Megan's Law: Mo. prosecutors using new cyberbullying laws

New state laws in the wake of Megan Meier's suicide are bringing more young people into the criminal justice system in Missori.

Call it Megan's Law. After Missouri officials declined to bring charges against Lori Drew for her role in the suicide of Megan Meier, legislators passed a cyber-bullying law. Now that law is being used to go after at least seven cases of obnoxious online behavior, the St. Louis Post-Dispatch reports.

In one case, Nicole Williams, 21, is being charged with harassing a 16-year-old girl by sending harassing text messages to her phone and letting friends use her phone to threaten her with rape, among other things. The harassment went real-world, too. They threw eggs and thumbtacks at her car, and dumped a can of beans on her car (they nicknamed her "Pork and Beans.")

Missouri's not alone. Eighteen states now have laws targeting Internet harassment and cyber-stalking, according to the National Conference of State Legislatures. For instance, Illinois has a new law, effective Jan. 1, that prohibiting a website with third-party access that contains "harassing statements made for the purpose of alarming, tormenting or terrorizing a specific person."

So, are these laws necessary in the aftermath of Megan's tragedy? Williams' lawyer, Michael Kielty, naturally says:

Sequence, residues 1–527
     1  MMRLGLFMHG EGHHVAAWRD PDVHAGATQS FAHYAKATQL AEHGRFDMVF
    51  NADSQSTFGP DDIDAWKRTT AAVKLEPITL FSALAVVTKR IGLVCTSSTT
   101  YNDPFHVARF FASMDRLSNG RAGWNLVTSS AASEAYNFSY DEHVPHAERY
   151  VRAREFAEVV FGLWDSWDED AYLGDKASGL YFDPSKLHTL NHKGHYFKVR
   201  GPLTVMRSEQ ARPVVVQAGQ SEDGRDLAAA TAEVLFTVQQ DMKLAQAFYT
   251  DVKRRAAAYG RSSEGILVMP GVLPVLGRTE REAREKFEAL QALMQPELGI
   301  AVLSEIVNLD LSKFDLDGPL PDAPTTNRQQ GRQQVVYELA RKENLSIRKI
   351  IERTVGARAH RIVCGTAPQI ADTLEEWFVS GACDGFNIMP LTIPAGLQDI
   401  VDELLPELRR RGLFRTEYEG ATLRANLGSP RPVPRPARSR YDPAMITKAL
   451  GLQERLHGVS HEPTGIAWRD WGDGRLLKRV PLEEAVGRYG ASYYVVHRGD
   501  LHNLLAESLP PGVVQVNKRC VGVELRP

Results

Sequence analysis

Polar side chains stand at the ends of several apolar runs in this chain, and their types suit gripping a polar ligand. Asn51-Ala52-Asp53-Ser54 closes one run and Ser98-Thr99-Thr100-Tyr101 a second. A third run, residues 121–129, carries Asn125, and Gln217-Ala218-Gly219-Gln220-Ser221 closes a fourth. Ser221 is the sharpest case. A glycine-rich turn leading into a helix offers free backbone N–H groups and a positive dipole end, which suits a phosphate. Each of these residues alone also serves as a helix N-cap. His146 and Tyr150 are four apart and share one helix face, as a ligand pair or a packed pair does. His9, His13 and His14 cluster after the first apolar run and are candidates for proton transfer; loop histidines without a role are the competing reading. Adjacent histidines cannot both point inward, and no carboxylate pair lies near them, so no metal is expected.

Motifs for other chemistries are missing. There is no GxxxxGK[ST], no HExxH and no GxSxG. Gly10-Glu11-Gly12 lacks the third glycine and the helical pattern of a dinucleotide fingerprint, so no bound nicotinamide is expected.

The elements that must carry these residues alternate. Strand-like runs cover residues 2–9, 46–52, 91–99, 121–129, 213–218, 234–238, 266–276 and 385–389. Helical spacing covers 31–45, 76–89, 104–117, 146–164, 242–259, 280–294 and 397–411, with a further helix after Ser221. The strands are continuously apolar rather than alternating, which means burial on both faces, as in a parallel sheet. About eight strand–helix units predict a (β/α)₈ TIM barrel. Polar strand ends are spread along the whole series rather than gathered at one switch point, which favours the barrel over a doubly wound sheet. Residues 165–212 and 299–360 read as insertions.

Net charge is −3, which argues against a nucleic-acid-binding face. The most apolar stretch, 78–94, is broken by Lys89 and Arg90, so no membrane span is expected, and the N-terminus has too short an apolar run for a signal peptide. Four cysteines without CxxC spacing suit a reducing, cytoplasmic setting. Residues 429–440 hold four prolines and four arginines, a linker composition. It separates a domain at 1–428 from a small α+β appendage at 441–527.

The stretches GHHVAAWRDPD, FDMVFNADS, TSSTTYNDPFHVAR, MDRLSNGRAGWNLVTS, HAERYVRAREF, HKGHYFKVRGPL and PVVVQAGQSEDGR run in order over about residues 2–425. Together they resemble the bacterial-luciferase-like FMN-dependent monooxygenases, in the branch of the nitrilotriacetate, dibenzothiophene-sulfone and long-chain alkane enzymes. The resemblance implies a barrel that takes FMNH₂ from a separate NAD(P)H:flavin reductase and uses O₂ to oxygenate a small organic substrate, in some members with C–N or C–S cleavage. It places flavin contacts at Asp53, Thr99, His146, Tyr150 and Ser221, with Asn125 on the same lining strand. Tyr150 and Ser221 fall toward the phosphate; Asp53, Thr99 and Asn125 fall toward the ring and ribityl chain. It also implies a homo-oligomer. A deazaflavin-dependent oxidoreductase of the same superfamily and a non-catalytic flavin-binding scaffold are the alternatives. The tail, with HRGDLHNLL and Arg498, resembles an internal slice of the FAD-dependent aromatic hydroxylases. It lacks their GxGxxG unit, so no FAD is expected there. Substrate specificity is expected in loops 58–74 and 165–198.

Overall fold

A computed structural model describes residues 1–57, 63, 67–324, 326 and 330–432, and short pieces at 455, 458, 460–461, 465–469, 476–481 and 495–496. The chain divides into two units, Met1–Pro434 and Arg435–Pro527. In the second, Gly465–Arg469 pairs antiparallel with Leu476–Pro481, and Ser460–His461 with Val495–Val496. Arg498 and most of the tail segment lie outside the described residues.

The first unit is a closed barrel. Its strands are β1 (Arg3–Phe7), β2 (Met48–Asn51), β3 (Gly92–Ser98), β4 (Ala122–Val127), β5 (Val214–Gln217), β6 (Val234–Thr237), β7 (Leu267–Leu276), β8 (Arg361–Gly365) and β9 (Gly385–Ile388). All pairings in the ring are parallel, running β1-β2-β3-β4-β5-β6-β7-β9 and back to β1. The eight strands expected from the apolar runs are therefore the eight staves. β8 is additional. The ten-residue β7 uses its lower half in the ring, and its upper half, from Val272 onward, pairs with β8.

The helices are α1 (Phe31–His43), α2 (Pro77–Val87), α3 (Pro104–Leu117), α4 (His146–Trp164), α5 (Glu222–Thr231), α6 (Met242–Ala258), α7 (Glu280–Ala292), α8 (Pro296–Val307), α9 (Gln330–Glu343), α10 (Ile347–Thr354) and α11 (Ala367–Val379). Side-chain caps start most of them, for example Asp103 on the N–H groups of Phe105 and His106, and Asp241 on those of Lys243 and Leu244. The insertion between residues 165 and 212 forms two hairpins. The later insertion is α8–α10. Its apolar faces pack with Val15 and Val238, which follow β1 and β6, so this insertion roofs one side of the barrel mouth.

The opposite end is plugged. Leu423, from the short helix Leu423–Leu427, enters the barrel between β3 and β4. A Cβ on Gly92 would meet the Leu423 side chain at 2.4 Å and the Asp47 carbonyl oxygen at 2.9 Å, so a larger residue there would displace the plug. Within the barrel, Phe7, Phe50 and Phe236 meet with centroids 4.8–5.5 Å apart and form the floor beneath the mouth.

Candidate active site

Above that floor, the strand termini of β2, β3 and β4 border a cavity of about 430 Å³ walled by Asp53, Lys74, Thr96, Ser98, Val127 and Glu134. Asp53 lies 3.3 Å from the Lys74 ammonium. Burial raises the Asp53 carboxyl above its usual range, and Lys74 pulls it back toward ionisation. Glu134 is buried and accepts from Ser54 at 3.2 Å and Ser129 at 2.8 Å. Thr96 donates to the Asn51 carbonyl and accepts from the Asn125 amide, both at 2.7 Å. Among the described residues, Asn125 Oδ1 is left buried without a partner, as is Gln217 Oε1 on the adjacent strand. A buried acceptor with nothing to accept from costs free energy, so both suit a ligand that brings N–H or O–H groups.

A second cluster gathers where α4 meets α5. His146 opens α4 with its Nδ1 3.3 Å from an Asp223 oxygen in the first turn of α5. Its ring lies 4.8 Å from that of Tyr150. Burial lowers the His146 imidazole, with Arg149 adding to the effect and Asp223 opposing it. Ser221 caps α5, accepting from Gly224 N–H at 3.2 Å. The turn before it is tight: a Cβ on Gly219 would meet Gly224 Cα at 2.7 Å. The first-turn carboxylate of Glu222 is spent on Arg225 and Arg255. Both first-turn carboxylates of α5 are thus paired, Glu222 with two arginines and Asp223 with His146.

"It's a knee-jerk reaction to a high-profile case that was blown out of proportion.

But, considering the prosecutorial hoops federal lawyers were jumping through to win a misdemeanor conviction of Drew, and the outrageousness of the behavior, that's not at all clear.

Parry Aftab, a lawyer and executive director of, says:

Because of Megan's case, people are paying attention. The laws will make a difference once people understand that there are laws and once prosecutors start using them. We need to teach (people) that what you do online matters as much as what you do in real life, because the Internet is real life now.

The other Missouri cases:

  • Two men have been charged in separate cases in November of sending numerous text messages to their ex-girlfriends.
  • A man protesting a proposed resort was accused in September of sending a threatening e-mail to Wildwood City Hall.
  • A woman, 28, was accused in September of sending harassing text messages to her ex-husband's girlfriend.
  • A 19-year-old Belleville man sent at least 17 text messages to his mother's husband.
  • prosecutors in October charged a 17-year-old from Cedar Hill with writing death threats in text messages to a classmate stemming from a dispute over a girl.

Perhaps cyberbullying is such a part of youth life that such laws qualify as nanny laws. As applied to teens, Justin Patchin, a criminologist at the University of Wisconsin-Eau Claire and co-author of "Bullying Beyond the Schoolyard," doubted the laws would carry much weight. But in cases like Lori Drew's -- a middle-aged woman bullying a teen – there's no doubt that state laws should exist to prosecute such abuse.